As COVID-19-related restrictions ease across the country, life restarts in an altered form – transformed by social distancing, public transport restrictions and drastically altered office and social environments. Here are a range of thoughts from Australian marketers, business leaders and analysts all sharing their predictions on navigating the ‘new normal’ of the post-COVID environment.
Defining a safe brand message
Futurist and author, Mark Pesce, firmly agrees with the assertion ‘every business will now be a health business’ by New York University professor of marketing, Scott Galloway. According to Pesce, brands with a public face will need to express their ‘cleanliness credentials’ to help reduce people’s unease, and we can expect to see the rise of new positions such as chief health officer or chief biosecurity officer from now on.
There are several issues which pose challenges for business and society coming out of the pandemic, Pesce says, whose latest June 2020 Horizons report takes into account the effect of COVID-19. Time will tell the size of financial support needed to restart the economy, he argues, and we will continue with uncertainty about a second wave of virus infections for some time to come.
Additionally, the likelihood of a vaccine and its timing raises huge questions. The largest unknown is the extent of the aftershocks from this huge jolt of uncertainty that’s been inserted into every system, organisation and government around the world, he says.
Re-imagining what could be
Sendoso CMO, Dan Frohnen, sees the new challenges as being around re-imagining what can and should be.
“This hybrid world will be with us at least to the end of 2020 and potentially the first half of 2021,” he tells CMO. “This means we must look long and hard at our customer acquisition strategies and prepare for the long haul.
“It means being focused on being operationally efficient with teams and budgets, and honing in on the best motion to acquire and retain customers. We will do this in a world where our prospects will be working from home and sometimes in an office. And we’ll be doing this with limited business travel and no events.”
Navigating the new environment will see many companies fall that weren’t able to adapt, whether that is because of their product offerings or messaging or a combination, Frohnen continues. “You will see a whole new wave of start-ups emerge to fill gaps that come as a result of this pandemic.”
Mable CMO, Emma Howe, predicts it will take some time for people who are more vulnerable to COVID-19 to feel comfortable in returning to regular social and community activities.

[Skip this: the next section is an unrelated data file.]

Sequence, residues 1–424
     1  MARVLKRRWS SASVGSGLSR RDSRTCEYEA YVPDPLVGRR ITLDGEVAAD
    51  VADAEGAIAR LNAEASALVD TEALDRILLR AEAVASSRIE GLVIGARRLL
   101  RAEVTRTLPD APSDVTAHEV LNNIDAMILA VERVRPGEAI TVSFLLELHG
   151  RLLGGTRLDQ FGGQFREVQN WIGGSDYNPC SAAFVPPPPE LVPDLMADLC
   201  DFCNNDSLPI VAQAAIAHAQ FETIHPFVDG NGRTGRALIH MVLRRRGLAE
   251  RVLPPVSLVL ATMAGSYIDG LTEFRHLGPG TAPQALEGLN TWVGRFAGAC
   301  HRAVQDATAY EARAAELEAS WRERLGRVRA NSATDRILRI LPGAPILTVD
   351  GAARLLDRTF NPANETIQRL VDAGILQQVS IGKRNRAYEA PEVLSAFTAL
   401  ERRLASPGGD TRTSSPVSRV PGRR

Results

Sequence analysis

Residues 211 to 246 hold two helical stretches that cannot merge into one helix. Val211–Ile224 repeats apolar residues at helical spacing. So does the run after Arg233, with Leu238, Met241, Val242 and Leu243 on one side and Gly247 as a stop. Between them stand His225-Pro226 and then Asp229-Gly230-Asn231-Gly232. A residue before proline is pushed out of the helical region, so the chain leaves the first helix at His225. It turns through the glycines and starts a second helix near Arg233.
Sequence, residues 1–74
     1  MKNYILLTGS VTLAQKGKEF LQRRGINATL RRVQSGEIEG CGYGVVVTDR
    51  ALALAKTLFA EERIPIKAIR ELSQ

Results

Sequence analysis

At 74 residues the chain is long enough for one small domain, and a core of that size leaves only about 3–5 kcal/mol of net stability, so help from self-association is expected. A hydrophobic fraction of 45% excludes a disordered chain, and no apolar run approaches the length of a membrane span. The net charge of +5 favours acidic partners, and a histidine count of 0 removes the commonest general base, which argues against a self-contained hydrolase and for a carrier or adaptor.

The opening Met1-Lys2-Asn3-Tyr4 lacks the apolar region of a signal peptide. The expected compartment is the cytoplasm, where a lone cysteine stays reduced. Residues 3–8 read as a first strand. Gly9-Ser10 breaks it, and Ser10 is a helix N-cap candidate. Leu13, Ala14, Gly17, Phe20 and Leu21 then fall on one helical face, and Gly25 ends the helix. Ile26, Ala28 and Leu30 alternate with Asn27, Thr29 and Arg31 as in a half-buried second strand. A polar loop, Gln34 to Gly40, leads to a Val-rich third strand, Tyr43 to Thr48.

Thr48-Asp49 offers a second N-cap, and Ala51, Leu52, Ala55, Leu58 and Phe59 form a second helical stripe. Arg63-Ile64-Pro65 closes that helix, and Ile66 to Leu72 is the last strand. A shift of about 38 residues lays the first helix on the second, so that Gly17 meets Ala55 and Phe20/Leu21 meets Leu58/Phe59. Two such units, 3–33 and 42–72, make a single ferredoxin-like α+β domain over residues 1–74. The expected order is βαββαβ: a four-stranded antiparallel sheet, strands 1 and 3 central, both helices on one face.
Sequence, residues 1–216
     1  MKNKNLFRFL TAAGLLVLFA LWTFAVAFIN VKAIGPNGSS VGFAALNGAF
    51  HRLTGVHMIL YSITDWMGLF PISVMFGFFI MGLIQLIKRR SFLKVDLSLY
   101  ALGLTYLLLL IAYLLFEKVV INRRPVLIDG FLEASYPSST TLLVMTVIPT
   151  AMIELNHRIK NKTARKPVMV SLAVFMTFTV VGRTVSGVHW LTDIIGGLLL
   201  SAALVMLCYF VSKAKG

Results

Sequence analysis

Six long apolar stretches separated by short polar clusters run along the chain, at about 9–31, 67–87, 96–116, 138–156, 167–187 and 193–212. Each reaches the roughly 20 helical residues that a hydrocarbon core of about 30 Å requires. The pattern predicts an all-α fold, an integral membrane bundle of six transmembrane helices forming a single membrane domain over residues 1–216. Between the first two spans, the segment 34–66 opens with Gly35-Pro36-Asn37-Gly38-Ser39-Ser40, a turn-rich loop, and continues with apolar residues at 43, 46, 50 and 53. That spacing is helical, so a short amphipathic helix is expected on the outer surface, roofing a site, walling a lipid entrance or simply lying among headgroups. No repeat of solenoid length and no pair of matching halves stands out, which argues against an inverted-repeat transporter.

“At the same time, with an extended period of isolation the need to re-connect will only get stronger,” she said.
Howe also predicts constant innovation will continue to be the biggest challenge and opportunity for marketers across the country, along with a hope for a continued sense of collective help. “The ability to move quickly from messaging and product launches is a huge advantage during these times and will continue to be into the future,” she adds.
“We’re hoping to see more of what we’ve seen during the pandemic – more people offering support to those in need, more companies disrupting their fields to meet category concerns and continued closeness and connection despite geography and other challenges.”
Planning for multiple scenarios
It’s already clear the coronavirus pandemic will accelerate and redirect business and societal changes. The rapid and wholesale adoption of work from home and the need for digital transformation are just two that are already apparent.
These new ways of working and living present challenges to business looking to understand and navigate such change. To survive and thrive over the next 3-5 years, leaders will need to consider multiple different scenarios which may eventuate in order to make sense of things, according to a an April 2020 Salesforce and Deloitte report, The World Remade by COVID-19.
The report highlights five fundamental uncertainties: The overall severity of the pandemic and pattern of disease progression; the level of collaboration within and between countries; the healthcare system response to the crisis; the economic consequences of the crisis; and level of social cohesion in response to the crisis.
It recommends taking a scenario planning approach to developing a plan in the next few years and considering how prospects may alter, changing consumer value, updating business threats, finding new providers and ecosystems, and looking for the capabilities and assets important in the new environment.